the sad parts. the happy parts

Tonight Wills was working on a social studies project about his ancestors.  We called grandparents and asked questions about when our family immigrated to the United States and why.  It was fascinating (more so for me, then Wills, but he’s 10).   In preparation for thinking about his ancestors he had to create a timeline of things that happened in his own first 5 years of life you can find out more.    We talked about where he was born, his first word (ball! Always said with an exclamation point), his trip to Mexico at 6 months old, etc…  Nonchalantly I said “you could add that when you were two I got cancer.”   When there wasn’t an answer I looked over at him and saw him starring intently at his paper as patches of red moved from his ears to his cheeks.  “I’m not putting that mom.” He said.   I sat down next to him and explained it was an important part of his life, a sad part, but nothing to be ashamed of.  As I leaned down to talk more I noticed tears streaming down his face.    For all the times I talk about cancer, all the programs he’s been to and listened to me share my story – I’ve never once seen him cry like this.   He wouldn’t look at me- he just stared at his paper as the tears streamed down his face.  Our sensitive ten year old – who doesn’t remember me without cancer, for whom life with cancer is just reality, couldn’t write it down.  Couldn’t face the fact that has been all around him his whole life.  My heart sank. I reached over and wiped his tears and said “I know it’s hard to share the sad parts of life.  If you’d rather not include this in your list that’s ok.”

I had no idea he was harboring such sadness.  We regularly talk about cancer and share how I am doing in age appropriate doses – it caught me off guard that he wasn’t comfortable talking about it himself.  The tears led to a nice conversation about how it’s not something to be ashamed of or to hide from.  It also reminds me that even when cancer is a part of every day like it has been for us since 2007, it isn’t easy for kids to understand or accept.  He is scared.  I am scared.

It breaks my heart to watch him cry.  As a mom you set out to protect your children – at all costs.  Bike helmets, car seats, parental controls on the ipad… Yet, here I am with metastatic breast cancer and I have the potential to cause him the most pain of his entire life.  Watching his mom become sick and eventually die.  The guilt and anger that comes from this thought is suffocating.  How can I prepare him for this reality?  How can I encourage him to talk about his feelings, to feel safe enough to share the sad parts of life with others?  To accept?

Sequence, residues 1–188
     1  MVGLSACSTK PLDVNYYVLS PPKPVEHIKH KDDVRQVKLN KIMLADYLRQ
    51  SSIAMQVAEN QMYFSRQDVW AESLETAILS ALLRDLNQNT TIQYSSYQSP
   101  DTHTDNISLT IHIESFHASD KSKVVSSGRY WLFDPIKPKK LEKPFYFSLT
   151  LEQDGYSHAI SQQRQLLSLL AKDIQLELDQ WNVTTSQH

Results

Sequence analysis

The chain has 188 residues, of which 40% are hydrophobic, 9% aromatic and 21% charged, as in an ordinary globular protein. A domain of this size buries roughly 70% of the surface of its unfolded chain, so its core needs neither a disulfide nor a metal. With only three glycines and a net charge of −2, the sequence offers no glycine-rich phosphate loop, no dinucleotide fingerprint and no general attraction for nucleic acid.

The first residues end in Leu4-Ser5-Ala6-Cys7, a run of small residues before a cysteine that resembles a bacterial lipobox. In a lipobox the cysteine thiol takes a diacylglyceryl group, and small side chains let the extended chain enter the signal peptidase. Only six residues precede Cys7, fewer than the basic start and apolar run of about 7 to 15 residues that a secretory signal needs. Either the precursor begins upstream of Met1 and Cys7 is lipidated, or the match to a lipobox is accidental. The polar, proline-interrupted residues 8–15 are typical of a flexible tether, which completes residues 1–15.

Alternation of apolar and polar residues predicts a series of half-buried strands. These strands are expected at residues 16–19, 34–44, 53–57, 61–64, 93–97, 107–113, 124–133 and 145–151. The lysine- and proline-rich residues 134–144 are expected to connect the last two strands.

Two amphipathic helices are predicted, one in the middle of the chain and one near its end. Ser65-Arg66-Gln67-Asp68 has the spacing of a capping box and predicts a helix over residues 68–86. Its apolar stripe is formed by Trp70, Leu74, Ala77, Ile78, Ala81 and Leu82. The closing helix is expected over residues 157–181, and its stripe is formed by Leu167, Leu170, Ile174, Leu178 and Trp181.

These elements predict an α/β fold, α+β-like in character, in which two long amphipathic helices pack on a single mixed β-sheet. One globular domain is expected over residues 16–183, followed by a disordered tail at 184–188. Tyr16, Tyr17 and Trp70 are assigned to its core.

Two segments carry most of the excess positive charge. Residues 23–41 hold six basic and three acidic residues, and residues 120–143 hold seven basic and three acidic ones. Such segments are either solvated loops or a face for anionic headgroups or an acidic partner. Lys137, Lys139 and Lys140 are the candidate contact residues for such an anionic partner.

It’s unfair that moms like me have to think this way… that’s why I am so passionate about research.  I hold out hope that I will be here long enough to see advances in science.

And I too will focus on the happy parts.

12 replies
  1. Joanne Schenten Skupin
    Joanne Schenten Skupin says:

    You touched my heart with this entry. The truth hurts. Stay strong Lara! You are strong in so many ways. Your kids see this. Love you!

  2. Pam Phillips
    Pam Phillips says:

    This post brought tears so I had to comment. You touched my heart also. My mom died when I was six years old from breast cancer that eventually travelled to her brain. I missed out on so much and so did my mom. It touched me so much that you had this experience with your son even though it may have been sad. It actually made me happy and sad. It’s good that you both had this time to talk. I wish my mom and I had that chance.
    Thank you for your inspiration. You and your family are in my prayers ❤️

  3. XO AP
    XO AP says:

    Sending hugs to Wills and you this morning. Your posts about real life experiences with MBC remind us that you live with the sad and happy every moment.
    Research now!

  4. Debbie
    Debbie says:

    but what you are doing is powerful to him when later in his life he will confront situations like this again…A dear friend of mine lived (and lost her battle) the same with two boys the youngest being only 4 when she was first diagnosed and 10 when she lost the battle. He too didn’t really remember Sandy when she wasn’t going through surgery or treatments and the talking and sharing of feelings and even tears was so important to the man he is now becoming at 19. But it is important that when we pray for you we include your family and support team

  5. Missy Wislocki
    Missy Wislocki says:

    Wow, Lara. That brought back a lot of memories for me. I’ve experienced many of those moments with my boys. My prayer is that we can be around for a lot longer to help them through these trying, emotional times. Think about you a lot….

  6. Barb Lundquist
    Barb Lundquist says:

    Breaks my heart, but Lara, thank heavens you’re his mom and realize how important it is to get those feelings out. This one time just might be the start of wanting to share more feelings, even though it probably won’t happen often. You’ve been a brick, a wonderful teacher, not only to your family, but to the world, sharing all that is happening to you, be it happy or sad. We’ve all learned from you. You know…. Anyone of my third grade students that has become a successful person in life, I take full credit for you and how your life has been a success!!! Ha Ha.

  7. Sarah Whitney
    Sarah Whitney says:

    I love how open and honest you are with your kids so are we with my breast cancer, treatment, surgery. I think honesty is best. Kids understand more than people give them credit for. And hiding it will just scare them as they will know something is wrong.

  8. Barb
    Barb says:

    Lara, this is heart wrenching, but you and the boys don’t have to go through this alone. There are support groups for kids with cancer and kids dealing with family members with cancer. Check with the American Cancer Society in your area.


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